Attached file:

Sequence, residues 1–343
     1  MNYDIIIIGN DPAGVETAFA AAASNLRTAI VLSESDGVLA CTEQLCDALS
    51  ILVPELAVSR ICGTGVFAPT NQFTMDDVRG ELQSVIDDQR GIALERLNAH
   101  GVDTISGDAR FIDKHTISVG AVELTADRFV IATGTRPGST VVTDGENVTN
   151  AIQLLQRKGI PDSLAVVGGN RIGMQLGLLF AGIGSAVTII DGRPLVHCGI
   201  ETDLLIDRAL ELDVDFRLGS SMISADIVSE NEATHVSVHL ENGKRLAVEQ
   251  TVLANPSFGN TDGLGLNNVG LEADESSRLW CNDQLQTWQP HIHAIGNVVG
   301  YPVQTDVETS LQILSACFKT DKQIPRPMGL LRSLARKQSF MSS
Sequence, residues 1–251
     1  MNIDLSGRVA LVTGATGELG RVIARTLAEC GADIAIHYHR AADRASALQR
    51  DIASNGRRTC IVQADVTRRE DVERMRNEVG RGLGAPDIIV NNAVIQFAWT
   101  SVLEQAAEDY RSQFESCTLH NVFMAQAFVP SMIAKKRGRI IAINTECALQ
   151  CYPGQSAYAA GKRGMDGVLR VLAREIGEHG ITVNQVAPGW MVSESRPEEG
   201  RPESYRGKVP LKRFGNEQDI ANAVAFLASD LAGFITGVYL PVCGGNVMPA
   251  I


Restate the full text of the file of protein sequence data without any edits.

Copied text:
Sequence, residues 1–343
     1  MNYDIIIIGN DPAGVETAFA AAASNLRTAI VLSESDGVLA CTEQLCDALS
    51  ILVPELAVSR ICGTGVFAPT NQFTMDDVRG ELQSVIDDQR GIALERLNAH
   101  GVDTISGDAR FIDKHTISVG AVELTADRFV IATGTRPGST VVTDGENVTN
   151  AIQLLQRKGI PDSLAVVGGN RIGMQLGLLF AGIGSAVTII DGRPLVHCGI
   201  ETDLLIDRAL ELDVDFRLGS SMISADIVSE NEATHVSVHL ENGKRLAVEQ
   251  TVLANPSFGN TDGLGLNNVG LEADESSRLW CNDQLQTWQP HIHAIGNVVG
   301  YPVQTDVETS LQILSACFKT DKQIPRPMGL LRSLARKQSF MSS
Sequence, residues 1–251
     1  MNIDLSGRVA LVTGATGELG RVIARTLAEC GADIAIHYHR AADRASALQR
    51  DIASNGRRTC IVQADVTRRE DVERMRNEVG RGLGAPDIIV NNAVIQFAWT
   101  SVLEQAAEDY RSQFESCTLH NVFMAQAFVP SMIAKKRGRI IAINTECALQ
   151  CYPGQSAYAA GKRGMDGVLR VLAREIGEHG ITVNQVAPGW MVSESRPEEG
   201  RPESYRGKVP LKRFGNEQDI ANAVAFLASD LAGFITGVYL PVCGGNVMPA
   251  I